Dealing with global vaccine hesitancy – the case of Ukraine

The authors discuss COVID-19 vaccine hesitancy in Ukraine.

Vaccine hesitancy around the world has contrarily affected the battle against the overwhelming impact of the COVID-19 pandemic. This issue isn’t restricted to explicit geographic districts or social orders on the planet; different people and societies have various reasons for vaccine hesitancy. Some of the reasons are socio-cultural, traditional and religious beliefs, amongst many others.

“Vaccine Diplomacy” has also contributed to vaccine hesitancy. Vaccine diplomacy is where some powerful nations on the planet, who have command over the creation and supply of the COVID-19 vaccine, gain from the insufficient vaccine supplies to accomplish their geopolitical objectives. Genuine questions and concerns have been raised with regards to the efficacy and adverse impacts of vaccines from specific nations and areas of the world.

Ukraine finally chose to begin its COVID-19 vaccinations months after the other EU nations, amidst all the delays due to political instability and suspected corruption. These delays undoubtedly contributed to widespread vaccine apprehension among both the general public and medical professionals. In early February 2021, the President of Ukraine, Volodymyr Zelensky, spoke at a public occasion in Kiev, saying, “Having solved the issue of vaccine supplies, we face a new problem-mistrust of vaccinations and the refusal of a significant part of the population to the COVID-19 vaccine”.1 Ukraine, indeed, represents an interesting case in vaccine hesitancy. It is particularly high, higher than both its European peers and the United States. More than 50% of “PREMISE SURVEY” respondents indicate they feel vaccines are unsafe or are unsure if they are safe. Reasons for vaccine hesitancy among people in Ukraine vary depending on which part of the country they are located in. 2

As of October 20, 2021, Ukrainian authorities detailed 22,415 new confirmed COVID-19 cases with 546 deaths beyond 24 hours, the largest number since the beginning of the pandemic. The Ukrainian authorities have subjected the surprising spike in COVID-19 spread to the incredibly slow pace of vaccinations in the country of around 41 million people. Truth be told, the Ukrainian locals had the chance to pick between various types of vaccines; Pfizer, Moderna, AstraZeneca, and Sinovoc, yet at the same time, just around 15% of the populace is completely vaccinated. This makes Ukraine the least vaccinated country in Europe after Armenia. 3

If the fight on the COVID-19 pandemic is to be fought, the world’s vaccination reluctance problem must be urgently addressed. Ukraine and the rest of the world should begin and continue to engage in effective sensitization and public health education. Traditional and social media, civil society organizations, and other stakeholders should be well-informed in order to assist in the dissemination of effective and well-targeted information to diverse segments of society in Ukraine, and around the world. This would aid in the fight against vaccine misinformation. It would also assist people in Ukraine and other nations across the world to have faith in all internationally authorized COVID-19 vaccines, rather than believing conspiracy theories surrounding vaccine side-effects.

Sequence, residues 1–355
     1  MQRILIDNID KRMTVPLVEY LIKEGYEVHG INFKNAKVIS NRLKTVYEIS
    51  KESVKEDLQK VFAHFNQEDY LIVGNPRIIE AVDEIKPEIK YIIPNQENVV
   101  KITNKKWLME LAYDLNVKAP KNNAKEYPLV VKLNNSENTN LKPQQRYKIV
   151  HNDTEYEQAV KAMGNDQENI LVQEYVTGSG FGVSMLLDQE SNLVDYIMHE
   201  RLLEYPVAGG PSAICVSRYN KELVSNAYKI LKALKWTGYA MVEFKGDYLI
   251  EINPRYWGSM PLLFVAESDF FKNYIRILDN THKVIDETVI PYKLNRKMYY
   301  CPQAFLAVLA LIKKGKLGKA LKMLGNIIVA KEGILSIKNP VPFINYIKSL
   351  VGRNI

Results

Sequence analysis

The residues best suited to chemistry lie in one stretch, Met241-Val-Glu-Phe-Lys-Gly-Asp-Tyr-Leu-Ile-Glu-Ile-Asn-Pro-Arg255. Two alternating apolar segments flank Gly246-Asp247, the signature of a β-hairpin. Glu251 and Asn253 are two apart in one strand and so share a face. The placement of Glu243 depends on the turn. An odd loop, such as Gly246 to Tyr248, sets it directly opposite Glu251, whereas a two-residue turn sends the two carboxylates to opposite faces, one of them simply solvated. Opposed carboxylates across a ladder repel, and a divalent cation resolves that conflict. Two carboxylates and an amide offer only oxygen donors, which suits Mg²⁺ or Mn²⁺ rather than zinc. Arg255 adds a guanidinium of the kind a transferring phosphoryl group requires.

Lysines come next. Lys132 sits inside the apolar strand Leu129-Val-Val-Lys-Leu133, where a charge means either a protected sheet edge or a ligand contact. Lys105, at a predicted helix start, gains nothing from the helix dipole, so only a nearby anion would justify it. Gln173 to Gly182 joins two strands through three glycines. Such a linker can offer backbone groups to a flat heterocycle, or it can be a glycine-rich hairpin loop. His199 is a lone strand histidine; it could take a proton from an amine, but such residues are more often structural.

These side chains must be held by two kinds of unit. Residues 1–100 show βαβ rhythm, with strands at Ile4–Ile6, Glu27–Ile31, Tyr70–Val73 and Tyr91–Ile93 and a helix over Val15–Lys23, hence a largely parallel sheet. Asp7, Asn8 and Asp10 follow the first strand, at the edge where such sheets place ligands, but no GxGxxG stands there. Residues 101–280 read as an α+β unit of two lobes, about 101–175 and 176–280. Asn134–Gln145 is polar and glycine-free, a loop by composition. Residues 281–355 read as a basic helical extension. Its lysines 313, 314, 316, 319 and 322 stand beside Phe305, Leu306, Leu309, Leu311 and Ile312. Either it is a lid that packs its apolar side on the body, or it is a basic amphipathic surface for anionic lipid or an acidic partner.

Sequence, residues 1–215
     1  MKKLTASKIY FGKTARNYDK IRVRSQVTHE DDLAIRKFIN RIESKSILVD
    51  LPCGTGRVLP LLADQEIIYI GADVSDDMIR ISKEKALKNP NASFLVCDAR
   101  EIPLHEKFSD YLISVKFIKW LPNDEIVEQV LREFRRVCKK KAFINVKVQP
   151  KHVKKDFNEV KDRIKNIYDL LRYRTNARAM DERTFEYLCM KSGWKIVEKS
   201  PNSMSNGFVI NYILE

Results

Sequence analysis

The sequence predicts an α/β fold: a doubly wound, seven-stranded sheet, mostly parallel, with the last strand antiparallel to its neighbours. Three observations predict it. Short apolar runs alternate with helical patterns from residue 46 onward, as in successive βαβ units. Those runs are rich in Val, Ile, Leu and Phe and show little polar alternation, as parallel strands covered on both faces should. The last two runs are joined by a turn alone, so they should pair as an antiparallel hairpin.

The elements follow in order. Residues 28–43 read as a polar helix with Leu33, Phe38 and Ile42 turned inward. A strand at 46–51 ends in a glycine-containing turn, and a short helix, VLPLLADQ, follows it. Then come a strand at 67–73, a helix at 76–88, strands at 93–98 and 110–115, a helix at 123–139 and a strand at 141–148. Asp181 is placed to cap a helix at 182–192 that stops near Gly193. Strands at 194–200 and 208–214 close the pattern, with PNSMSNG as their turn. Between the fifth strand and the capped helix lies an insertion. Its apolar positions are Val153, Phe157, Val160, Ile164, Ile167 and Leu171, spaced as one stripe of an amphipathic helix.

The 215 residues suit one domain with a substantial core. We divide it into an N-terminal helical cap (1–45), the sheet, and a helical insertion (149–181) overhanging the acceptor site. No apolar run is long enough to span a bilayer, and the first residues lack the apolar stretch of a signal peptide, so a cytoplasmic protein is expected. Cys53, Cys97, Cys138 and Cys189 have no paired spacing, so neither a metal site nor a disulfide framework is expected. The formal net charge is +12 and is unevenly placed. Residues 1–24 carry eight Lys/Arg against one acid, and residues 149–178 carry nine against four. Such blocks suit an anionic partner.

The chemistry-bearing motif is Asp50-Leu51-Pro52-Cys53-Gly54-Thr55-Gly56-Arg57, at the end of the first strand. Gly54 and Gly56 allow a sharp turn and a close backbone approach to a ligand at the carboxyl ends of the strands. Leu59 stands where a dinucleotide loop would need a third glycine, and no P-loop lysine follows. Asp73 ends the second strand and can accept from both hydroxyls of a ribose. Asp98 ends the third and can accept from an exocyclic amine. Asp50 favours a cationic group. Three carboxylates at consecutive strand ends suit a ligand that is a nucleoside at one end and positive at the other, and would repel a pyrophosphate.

Sensitization and public education should raise understanding of how various vaccines have helped save lives in the past, even before the COVID-19 pandemic. Vaccines have saved the lives of millions of children in various parts of the world, particularly in developing countries, from childhood killer diseases such as poliomyelitis, measles, and whooping cough. Those who have misconceptions about vaccines, particularly the COVID-19 vaccines, should be made aware that vaccines are not harmful and are generally safe for use. They have to be internationally approved before global distribution. Any adverse effects following immunization should be reported to the appropriate health facilities, agencies, and other reporting platforms for prompt investigation and action.

The benefits of the COVID-19 vaccinations significantly outweigh any potential concerns. Ukrainian journalists and other communicators should do more to combat rumors and misconceptions about COVID-19 vaccines and provide adequate education to the public. This would go a long way toward combating the disease and instilling trust in vaccination programs. Vaccination has proven to be the most effective and cost-efficient public health tool in preventing and controlling the disastrous COVID-19 epidemic thus far. In Ukraine and elsewhere, vigorous lobbying is required by legislators, public health professionals, communication and education experts, as well as other stakeholders.

AUTHORS

1. Wireko Andrew Awuah, 5th year medical student

Sumy State University, Ukraine

Andrew is an award winning medical student at Sumy State University and also an International ambassador for the Canadian Medical Association.

2. Shekinah Obinna Amaka, 6th year medical student

Sumy State University, Ukraine

3. Paciencia Machai, 4th year medical student

Sumy State University

REFERENCES

  1. Edward Holt. (n.d.). Covid-19 vaccination in Ukraine – thelancet.com. Retrieved November 6, 2021, from https://www.thelancet.com/pdfs/journals/laninf/PIIS1473-3099(21)00156-0.pdf.
  2. Alexandra et al… (2021, July 30). Vaccine hesitancy around the world: Spotlight on Ukraine. Premise. Retrieved November 6, 2021, from https://www.premise.com/vaccine-hesitancy-around-the-world-spotlight-on-ukraine/.
  3. Karmanau, Y. (2021, October 21). Ukraine hits all-time death record amid vaccine hesitancy. AP NEWS. Retrieved November 6, 2021, from https://apnews.com/article/coronavirus-pandemic-health-ukraine-europe-coronavirus-vaccine-5ad7fb543096e0c2278976007ce12860.

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